No wonder my head hurts.  It’s been bouncing against the window.  Sort of like the head of those dogs they use for good fortune (the ones that their head bobs on any movement.) Fortunately, my palpitations will be reduced by a walk in the hill tribe village we stop at. 

We are the local entertainment.   

A protective older sister wraps her arm around her sibling and as I press my shutter gives me a look of  “don’t you mess with my sister”. 

We are invited by a local to visit his home.  In all the villages and homes we have visited there is a television and satellite alongside abject poverty.  But these people do not live in misery for they are content with who and where they are.

Kitchen at entrance.    

Our host lives in this home with his wife and 11 children.  He answers all our questions and I see in his eyes wonderment and disbelief in some of the things we are curious about.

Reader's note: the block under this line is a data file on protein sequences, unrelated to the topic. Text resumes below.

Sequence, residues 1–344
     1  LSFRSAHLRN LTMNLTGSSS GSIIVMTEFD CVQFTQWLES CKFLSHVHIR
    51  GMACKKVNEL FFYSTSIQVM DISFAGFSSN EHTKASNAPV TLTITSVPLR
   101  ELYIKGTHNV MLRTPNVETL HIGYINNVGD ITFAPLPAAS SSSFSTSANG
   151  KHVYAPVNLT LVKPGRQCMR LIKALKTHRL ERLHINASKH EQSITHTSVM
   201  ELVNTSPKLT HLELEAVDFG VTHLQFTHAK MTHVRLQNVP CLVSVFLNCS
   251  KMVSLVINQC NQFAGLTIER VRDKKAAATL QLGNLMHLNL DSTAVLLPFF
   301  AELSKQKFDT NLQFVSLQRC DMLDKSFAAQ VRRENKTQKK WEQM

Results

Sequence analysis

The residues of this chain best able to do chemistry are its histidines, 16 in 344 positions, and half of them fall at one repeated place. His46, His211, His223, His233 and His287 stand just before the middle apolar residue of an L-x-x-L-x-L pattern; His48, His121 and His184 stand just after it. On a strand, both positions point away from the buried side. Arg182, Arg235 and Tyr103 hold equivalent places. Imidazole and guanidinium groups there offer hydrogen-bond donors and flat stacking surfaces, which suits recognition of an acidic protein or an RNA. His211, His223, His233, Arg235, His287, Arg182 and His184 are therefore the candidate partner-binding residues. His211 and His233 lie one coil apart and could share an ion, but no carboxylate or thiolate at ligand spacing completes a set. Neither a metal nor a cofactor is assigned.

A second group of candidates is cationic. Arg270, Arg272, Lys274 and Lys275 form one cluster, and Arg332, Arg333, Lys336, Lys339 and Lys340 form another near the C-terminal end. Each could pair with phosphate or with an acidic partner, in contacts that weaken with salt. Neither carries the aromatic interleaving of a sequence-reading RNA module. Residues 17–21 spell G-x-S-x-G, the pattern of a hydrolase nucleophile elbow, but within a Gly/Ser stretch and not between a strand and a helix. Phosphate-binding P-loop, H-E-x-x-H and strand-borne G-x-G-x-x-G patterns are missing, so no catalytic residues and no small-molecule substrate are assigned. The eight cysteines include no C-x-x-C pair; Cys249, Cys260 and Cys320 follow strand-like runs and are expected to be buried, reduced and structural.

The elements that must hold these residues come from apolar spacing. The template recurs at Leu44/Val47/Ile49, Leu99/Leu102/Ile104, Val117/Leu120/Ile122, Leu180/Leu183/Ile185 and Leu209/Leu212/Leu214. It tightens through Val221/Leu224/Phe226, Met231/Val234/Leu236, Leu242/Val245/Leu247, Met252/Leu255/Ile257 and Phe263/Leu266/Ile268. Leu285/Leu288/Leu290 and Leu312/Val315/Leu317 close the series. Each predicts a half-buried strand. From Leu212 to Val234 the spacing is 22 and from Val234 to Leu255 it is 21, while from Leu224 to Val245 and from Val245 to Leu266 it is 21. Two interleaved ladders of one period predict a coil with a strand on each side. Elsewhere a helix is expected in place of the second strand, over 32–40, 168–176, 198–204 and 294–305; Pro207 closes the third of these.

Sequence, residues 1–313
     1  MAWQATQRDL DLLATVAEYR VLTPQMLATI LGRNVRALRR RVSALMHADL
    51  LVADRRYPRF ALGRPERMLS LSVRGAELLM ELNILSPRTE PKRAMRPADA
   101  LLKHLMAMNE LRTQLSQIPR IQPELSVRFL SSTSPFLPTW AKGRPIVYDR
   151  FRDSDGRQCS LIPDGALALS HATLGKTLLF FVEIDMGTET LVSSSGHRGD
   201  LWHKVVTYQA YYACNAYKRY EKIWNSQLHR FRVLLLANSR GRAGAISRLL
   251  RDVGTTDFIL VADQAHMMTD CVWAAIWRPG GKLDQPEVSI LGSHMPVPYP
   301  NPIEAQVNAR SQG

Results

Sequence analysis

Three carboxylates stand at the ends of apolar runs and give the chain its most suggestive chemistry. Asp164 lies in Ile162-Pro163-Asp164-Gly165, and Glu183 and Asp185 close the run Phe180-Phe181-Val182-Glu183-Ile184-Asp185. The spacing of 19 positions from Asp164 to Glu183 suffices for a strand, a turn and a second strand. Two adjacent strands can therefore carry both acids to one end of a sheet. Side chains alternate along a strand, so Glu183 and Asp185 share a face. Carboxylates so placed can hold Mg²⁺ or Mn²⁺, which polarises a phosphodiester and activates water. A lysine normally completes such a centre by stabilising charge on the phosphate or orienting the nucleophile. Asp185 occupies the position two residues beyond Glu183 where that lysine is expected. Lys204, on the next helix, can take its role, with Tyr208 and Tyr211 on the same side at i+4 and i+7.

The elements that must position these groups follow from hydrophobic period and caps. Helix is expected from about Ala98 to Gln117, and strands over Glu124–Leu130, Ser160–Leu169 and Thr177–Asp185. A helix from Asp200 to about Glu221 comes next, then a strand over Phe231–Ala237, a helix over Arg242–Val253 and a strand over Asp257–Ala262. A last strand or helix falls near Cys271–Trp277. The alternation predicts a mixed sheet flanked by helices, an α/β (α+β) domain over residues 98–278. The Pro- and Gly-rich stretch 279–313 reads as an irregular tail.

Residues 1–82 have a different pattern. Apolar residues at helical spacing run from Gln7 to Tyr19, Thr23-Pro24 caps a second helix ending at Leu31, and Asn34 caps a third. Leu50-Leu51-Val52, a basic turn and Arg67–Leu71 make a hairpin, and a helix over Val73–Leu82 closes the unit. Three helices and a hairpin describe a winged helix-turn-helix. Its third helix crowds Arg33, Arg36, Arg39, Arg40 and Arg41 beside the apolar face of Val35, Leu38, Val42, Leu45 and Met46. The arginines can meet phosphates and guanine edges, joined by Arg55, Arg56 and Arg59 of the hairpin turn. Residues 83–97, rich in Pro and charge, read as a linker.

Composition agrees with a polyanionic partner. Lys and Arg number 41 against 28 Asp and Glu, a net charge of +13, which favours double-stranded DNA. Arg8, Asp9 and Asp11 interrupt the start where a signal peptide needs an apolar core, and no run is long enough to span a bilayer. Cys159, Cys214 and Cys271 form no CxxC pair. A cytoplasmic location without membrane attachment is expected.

There is a strange flickering noise in back of me that is a bit unsettling (Is something alive there?) but I don’t want to be rude, turn and potentially run out screaming if I find a strange animal resides in that corner.   

Other kids join us or come in.   

And we leave.  We are still the entertainment.     

Can you tell who will be the gang leader from this photo?  

After a few hours –many more than I like- we arrive at the restaurant for lunch.  Mr. Peng laughs as he sees my expression of horror as he parks the bus head first, facing the precipice.  Lucky me is in the front row.  Okay, you are close enough, please stop the bus, stop please, STOP, NOW!!!  

We go to “happy place” (local speak for bathroom) first.    

Then a little walk uphill towards the restaurant.  To my left a view of the road. 

To my right, a scene that could be labeled many ways.  My whole being quiets and settles.  

A view of where we came from.  We are at approximately 5,000 ft.